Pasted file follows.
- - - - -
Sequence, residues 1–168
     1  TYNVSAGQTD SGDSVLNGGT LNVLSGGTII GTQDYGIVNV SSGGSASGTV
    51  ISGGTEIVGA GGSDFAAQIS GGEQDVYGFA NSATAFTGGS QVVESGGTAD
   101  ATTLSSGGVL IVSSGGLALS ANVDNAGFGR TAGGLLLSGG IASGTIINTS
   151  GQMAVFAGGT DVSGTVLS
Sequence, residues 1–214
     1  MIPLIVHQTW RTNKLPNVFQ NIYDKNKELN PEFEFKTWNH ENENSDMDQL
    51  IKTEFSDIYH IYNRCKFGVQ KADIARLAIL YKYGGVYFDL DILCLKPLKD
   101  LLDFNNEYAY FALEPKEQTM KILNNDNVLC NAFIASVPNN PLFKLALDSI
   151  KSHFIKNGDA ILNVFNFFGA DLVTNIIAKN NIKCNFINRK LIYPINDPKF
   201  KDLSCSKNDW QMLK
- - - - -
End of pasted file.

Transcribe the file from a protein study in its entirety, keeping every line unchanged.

Sequence, residues 1–168
     1  TYNVSAGQTD SGDSVLNGGT LNVLSGGTII GTQDYGIVNV SSGGSASGTV
    51  ISGGTEIVGA GGSDFAAQIS GGEQDVYGFA NSATAFTGGS QVVESGGTAD
   101  ATTLSSGGVL IVSSGGLALS ANVDNAGFGR TAGGLLLSGG IASGTIINTS
   151  GQMAVFAGGT DVSGTVLS
Sequence, residues 1–214
     1  MIPLIVHQTW RTNKLPNVFQ NIYDKNKELN PEFEFKTWNH ENENSDMDQL
    51  IKTEFSDIYH IYNRCKFGVQ KADIARLAIL YKYGGVYFDL DILCLKPLKD
   101  LLDFNNEYAY FALEPKEQTM KILNNDNVLC NAFIASVPNN PLFKLALDSI
   151  KSHFIKNGDA ILNVFNFFGA DLVTNIIAKN NIKCNFINRK LIYPINDPKF
   201  KDLSCSKNDW QMLK